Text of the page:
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LGBTQ+ flags you should know for Pride Month


Monica Helms, transgender activist and U.S. submarine veteran, designed the first transgender pride flag in 1999. She was inspired to create the flag for her community after talking with Michael Page, the bisexual flag designer (via Military.com). While talking with the Modern Military Association of America, Helms said Page told her to keep her flag design just because it was cheaper to make and sell if she didn’t have to do so much sewing. Helms remembered when she found out what the flag would look like. She noted: “Two weeks later I woke up and the drawing came to me as I was lying in bed. I got up and drew it and I liked what I have seen.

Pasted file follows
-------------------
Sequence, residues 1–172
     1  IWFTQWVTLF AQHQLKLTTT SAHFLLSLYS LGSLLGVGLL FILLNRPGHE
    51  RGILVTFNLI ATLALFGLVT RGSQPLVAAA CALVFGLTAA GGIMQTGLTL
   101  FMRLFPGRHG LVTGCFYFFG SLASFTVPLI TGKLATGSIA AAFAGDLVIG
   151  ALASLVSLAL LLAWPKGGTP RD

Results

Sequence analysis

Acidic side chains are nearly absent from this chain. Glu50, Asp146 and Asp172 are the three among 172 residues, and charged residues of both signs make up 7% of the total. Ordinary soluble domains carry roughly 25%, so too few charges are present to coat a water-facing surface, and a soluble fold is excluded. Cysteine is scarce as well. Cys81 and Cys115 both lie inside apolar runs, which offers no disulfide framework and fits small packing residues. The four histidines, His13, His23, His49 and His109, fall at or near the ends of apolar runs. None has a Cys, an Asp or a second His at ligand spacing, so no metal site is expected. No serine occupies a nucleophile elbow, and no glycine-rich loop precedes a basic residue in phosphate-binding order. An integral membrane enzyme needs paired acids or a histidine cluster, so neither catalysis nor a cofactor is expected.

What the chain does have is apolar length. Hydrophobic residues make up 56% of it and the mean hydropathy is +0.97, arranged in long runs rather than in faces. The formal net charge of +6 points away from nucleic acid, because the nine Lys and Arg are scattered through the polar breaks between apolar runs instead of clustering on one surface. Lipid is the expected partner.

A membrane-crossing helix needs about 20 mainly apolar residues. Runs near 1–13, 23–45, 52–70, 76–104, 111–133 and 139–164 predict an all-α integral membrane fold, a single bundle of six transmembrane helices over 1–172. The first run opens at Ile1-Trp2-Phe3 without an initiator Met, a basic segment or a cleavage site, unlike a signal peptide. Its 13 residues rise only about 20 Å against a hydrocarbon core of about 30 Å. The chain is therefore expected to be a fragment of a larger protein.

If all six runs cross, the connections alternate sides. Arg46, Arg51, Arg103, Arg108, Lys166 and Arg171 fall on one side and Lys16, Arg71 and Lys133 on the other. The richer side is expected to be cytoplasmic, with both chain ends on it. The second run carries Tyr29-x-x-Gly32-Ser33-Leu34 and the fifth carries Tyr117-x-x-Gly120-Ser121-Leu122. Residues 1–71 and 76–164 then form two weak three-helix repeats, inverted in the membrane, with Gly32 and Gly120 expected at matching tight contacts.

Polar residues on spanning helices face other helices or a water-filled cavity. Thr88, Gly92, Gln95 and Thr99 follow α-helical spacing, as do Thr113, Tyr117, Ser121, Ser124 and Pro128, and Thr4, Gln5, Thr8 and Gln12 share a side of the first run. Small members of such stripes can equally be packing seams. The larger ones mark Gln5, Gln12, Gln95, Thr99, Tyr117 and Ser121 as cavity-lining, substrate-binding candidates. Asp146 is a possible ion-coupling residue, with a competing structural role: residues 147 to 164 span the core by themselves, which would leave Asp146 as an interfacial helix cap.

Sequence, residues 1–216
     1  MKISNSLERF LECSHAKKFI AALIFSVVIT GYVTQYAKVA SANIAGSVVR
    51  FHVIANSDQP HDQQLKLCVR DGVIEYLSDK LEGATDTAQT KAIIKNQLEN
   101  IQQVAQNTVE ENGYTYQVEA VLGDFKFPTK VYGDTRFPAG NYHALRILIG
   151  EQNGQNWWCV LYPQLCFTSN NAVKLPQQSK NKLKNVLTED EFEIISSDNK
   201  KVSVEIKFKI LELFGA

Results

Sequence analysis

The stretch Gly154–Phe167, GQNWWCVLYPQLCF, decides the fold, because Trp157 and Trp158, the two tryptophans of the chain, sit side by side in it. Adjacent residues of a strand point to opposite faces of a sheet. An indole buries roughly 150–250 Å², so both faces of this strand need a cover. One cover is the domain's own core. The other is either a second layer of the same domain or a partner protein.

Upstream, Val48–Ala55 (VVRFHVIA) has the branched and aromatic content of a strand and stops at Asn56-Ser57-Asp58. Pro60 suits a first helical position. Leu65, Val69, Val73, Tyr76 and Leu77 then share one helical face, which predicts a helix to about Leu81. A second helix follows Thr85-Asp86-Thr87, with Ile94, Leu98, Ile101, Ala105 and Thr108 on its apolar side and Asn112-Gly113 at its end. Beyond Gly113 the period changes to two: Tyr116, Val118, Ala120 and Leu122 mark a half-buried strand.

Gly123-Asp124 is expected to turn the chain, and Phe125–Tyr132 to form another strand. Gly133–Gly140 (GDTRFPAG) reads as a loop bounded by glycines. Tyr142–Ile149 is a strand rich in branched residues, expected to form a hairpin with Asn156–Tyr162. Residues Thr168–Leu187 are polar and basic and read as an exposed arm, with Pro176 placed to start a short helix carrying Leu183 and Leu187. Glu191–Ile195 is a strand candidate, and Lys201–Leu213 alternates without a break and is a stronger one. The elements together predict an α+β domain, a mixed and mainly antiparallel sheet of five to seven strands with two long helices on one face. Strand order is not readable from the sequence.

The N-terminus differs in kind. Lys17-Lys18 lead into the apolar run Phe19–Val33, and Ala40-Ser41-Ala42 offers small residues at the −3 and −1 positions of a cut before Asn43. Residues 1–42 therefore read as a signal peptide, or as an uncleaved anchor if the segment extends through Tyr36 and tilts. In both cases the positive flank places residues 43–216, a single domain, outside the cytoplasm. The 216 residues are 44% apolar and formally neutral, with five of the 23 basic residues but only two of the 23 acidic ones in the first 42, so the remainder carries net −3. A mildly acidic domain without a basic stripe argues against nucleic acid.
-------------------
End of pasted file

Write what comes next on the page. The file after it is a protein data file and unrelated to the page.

In 2000, Helm’s creation debuted at the Pride Parade in Phoenix, Arizona. The pink and blue stripes of the flag represent the colors usually associated with girls and boys. Additionally, the white band between two pink bands represents transitioning, intersex, and anyone without a specified gender. According to Helms, “The pattern is such that no matter how you fly it, it’s always right, which means we find rightness in our lives” (via Facebook). Additionally, during her interview with the MMAA, Helms shared that she was shocked that the flag was seen around the world and brought her joy, and hoped that one day it would make it to the International Space Station.